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Raytracing + general relativity

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I've been learing about general realtivity in school the past couple of days, really cool stuff; the bending of light and black holes seem most interesting. Combining my interest in physics with programming i thought i could do some simulations related to the topic. So i was thinking of doing a ray traced version of a solar system or some other astronomical bodies (black holes anyone?). Ok, so how could the path of light be calculated taking into consideration gravitiational pull from massive stars? Well mostly how could i do calculate intersections in a space curved from these bodies? (if it's possible). I've done a simulation of the curvature of space using a grid of points and calculating at each point the total disturbance caused by all objects like this f(x, y) = sum( G * Mi / ((x - xi)^2 + (y - yi)^2)). The results are quite cool i'm thinking of adding forces and movement. We haven't gone into the any of the math involved in school, because we haven't done such advanced math (meh, have to wait for college) so i'm asking this question without much knowledge of the math involved (i saw some huge equations on a site about general realtivity but they were for arbirary objects, i'm guessing for spheres they should be simpler). Any pointers / links to these kind of things? hmm, maybe the math forum would be more appropiate, but everybody comes here..

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Nice idea. But, as i know, GR is pretty hard, alot harder than SR... i know SR and related math probably well enough to make a renderer, but not GR. Perhaps, for slowly moving masses, light equations is simple enough (just attraction and G Dopler), but i don't sure.


(SR=special relativity. GR=general relativity)

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The maths is very advanced. The basic idea is that space-time, a four dimensional space containing both space and time, is locally flat but on an astronomical scale it is curved, by masses such as planets and stars.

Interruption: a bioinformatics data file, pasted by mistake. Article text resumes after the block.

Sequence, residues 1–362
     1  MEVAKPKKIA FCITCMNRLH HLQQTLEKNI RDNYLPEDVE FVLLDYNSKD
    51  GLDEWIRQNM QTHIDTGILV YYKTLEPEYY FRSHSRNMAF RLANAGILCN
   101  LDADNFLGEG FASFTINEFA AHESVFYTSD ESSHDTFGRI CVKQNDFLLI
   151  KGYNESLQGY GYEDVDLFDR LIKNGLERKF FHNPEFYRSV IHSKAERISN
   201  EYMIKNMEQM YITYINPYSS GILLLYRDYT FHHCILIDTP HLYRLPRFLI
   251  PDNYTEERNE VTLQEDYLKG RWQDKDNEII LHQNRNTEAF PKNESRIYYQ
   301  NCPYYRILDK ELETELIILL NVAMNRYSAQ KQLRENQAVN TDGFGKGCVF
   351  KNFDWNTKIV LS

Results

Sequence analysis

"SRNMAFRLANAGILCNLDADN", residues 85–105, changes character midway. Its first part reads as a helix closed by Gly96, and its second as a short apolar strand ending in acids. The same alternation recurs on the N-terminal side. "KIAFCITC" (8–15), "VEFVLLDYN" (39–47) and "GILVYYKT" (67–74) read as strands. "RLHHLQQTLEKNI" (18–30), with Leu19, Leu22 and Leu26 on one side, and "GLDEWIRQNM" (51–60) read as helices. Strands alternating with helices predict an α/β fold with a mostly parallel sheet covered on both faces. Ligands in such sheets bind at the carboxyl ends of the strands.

This is very difficult to represent as to do so you need a virtual fifth dimension in which the curvature takes place - virtual as it doesn't really exist but is just a mathematical construct meant to make things easier (!).

Once you have this motion takes place along geodesics in it, i.e. lines which are locally straight but curve to follow the curved 4D surface. The space is spacetime, in which every body has a 'velocity' (even bodies at rest are moving in time), so a path exists for each body, and the curvature accounts for e.g. how a body escapes or doesn't escape a gravitational field depending on its initial 4-position and 4-velocity in spacetime.

This is difficult to imagine but it's mathematically an order of magntude more complex. It was a hard third year course at my university which I avoided. But I don't think you'll need such math for a simulation: if you use the equation you quote, treating light as a particle travelling at light-speed that can be diverted but not slowed (instead experiencing a doppler effect escaping strong gavitational fields).

I don't know how close this is to the 'correct' GR maths but I suspect it will either be almost correct or out by a magnitude which you can correct for by comparing your simulation with real examples of e.g. gravitation lensing.

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Original post by johnb

if you use the equation you quote, treating light as a particle travelling at light-speed that can be diverted but not slowed (instead experiencing a doppler effect escaping strong gavitational fields).